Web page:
Tablet Sales Continue to Fall, but the End of Tablets Is Not Near

Global tablet sales are way off since 2009, falling 35 percent in the last quarter alone, according to the latest analysis from ABI Research.

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Consumer tablet computer shipments keep falling, but in the first quarter of 2015, they fell by 35 percent compared with the fourth quarter of 2014, giving the category its worst quarter-to-quarter decline since it was first tracked in 2009. Year-over-year, the decline was 16 percent.

Those are the key conclusions of a recent market analysis on tablets conducted by ABI Research, which reported that "there is no denying the market is losing its momentum and leading vendors are feeling the squeeze."

Yet at the same time, "the slowdown does not necessarily mean the end of the tablet market," the report continues. Tablets sold like gangbusters when they first were popularized, especially after the 2010 release of the first Apple iPads, which led the market, but that success has not been sustained, the report states.

Tablets have also been finding uses in education and the business sector, but much of that use is based on price, the long lifespans of the devices and on market competition, the report continues.

"That initial growth the market experienced may never happen again for tablets, but they are still a strong force in the market," Jeff Orr, a senior analyst at ABI, said in a statement.

Because of the changing shipment figures since 2009, the tablet market could remain relatively stagnant in 2015 unless smaller vendors make it a more competitive landscape, according to ABI.

So far, Apple and Samsung have been key market players and continue to dominate a significant majority of the tablet market, the report says. "2015 is the pivotal year for smaller, competing vendors to step-up, build their business, and gain market share in advanced and emerging markets," said Orr. "The tablet market lacks a truly competitive playing field needing a strong third even fourth vendor to drive the market out of stagnation."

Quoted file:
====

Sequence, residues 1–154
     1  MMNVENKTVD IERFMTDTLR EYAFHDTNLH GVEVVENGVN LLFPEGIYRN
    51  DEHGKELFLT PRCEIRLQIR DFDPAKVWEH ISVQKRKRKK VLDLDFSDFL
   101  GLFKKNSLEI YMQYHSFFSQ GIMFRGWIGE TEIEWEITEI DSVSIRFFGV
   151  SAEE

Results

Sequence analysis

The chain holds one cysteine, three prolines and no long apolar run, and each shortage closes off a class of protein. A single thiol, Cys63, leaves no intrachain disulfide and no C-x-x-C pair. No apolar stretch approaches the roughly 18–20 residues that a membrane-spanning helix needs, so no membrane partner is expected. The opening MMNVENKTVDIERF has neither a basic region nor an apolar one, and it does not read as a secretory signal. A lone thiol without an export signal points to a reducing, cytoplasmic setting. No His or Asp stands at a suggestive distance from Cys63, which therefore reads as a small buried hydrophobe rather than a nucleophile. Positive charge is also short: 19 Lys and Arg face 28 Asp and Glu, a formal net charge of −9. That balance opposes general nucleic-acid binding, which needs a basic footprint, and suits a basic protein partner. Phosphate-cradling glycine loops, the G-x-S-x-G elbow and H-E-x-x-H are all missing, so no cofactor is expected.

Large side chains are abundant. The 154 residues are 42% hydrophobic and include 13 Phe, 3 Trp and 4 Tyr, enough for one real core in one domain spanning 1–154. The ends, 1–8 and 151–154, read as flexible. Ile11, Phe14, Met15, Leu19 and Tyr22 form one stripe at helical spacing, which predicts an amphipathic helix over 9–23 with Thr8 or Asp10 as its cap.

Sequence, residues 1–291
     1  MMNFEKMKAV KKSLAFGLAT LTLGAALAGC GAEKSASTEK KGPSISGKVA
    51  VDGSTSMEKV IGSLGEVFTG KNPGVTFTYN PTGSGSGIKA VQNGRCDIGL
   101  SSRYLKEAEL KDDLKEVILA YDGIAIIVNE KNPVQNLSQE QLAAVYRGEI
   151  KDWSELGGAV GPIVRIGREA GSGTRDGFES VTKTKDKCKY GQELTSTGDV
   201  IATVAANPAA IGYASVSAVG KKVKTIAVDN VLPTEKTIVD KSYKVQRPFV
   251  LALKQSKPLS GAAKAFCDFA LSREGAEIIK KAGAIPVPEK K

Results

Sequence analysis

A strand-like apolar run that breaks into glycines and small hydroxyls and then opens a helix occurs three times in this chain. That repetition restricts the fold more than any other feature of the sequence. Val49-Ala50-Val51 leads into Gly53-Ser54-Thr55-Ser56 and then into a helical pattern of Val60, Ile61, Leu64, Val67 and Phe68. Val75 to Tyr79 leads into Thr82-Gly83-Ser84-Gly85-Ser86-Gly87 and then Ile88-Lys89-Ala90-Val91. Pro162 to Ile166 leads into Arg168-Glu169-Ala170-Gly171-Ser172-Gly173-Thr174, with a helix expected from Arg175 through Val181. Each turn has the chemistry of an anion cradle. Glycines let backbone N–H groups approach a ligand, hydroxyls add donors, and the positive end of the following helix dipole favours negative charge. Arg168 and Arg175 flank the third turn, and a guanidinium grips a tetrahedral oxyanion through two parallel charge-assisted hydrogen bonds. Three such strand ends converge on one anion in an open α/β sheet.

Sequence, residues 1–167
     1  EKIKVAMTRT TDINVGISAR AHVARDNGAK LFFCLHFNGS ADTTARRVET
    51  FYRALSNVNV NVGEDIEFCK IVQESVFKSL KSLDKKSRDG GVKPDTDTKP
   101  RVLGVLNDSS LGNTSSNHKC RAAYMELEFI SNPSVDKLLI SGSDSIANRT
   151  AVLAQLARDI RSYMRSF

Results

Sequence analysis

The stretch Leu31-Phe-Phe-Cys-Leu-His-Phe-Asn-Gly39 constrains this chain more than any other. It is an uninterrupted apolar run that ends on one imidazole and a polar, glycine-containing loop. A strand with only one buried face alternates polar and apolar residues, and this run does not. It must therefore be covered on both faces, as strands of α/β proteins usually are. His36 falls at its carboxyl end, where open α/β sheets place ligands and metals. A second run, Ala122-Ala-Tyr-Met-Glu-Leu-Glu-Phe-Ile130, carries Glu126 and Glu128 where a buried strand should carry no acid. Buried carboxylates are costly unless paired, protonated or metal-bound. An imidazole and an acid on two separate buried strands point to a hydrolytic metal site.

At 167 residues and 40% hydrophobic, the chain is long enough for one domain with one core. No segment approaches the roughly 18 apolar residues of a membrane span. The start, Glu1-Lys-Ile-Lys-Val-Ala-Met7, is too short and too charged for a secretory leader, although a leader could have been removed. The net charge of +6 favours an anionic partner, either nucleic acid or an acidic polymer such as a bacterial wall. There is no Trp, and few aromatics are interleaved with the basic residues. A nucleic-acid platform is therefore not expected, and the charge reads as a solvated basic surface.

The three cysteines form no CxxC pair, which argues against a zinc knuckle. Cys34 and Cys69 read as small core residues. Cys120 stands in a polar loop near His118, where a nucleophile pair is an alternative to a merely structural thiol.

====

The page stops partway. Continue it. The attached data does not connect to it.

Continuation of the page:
Companies such as Acer, Asus and Lenovo "all show promise for claiming those spots but need to focus on building their businesses especially in markets where purchase decisions are still largely to be made," the report states.

A similar study by Forrester Research, released on July 13, concludes that while the global tablet demand has plateaued it is still growing within enterprises, where "company-owned tablets are growing at a much faster rate than the overall market."

In May, ABI reported that Apple sold 23 percent fewer iPads in the first quarter of 2015 than it did in the same quarter the year prior, while Samsung also reported a 30 percent sales decline for Q1. Apple's iPad shipments in the first quarter of 2015 hit 12.62 million iPads, which is a drop of 23 percent from the same quarter one year prior, according to ABI. Apple shipped 21.42 million iPads in the fourth quarter of 2014, which was an 18 percent drop from the same period one year prior.

Samsung fared similarly, with a 30 percent decline in tablet sales for the first quarter of 2015, compared with the same period one year prior. For all tablet makers overall in Q1, tablet sales are down 13 percent across the board compared with a year ago, according to ABI.

A major reason for the lower sales figures is that once consumers have tablets, they find little need to upgrade or replace them if they are still operating since they continue to work and don't need to be refreshed, ABI said earlier.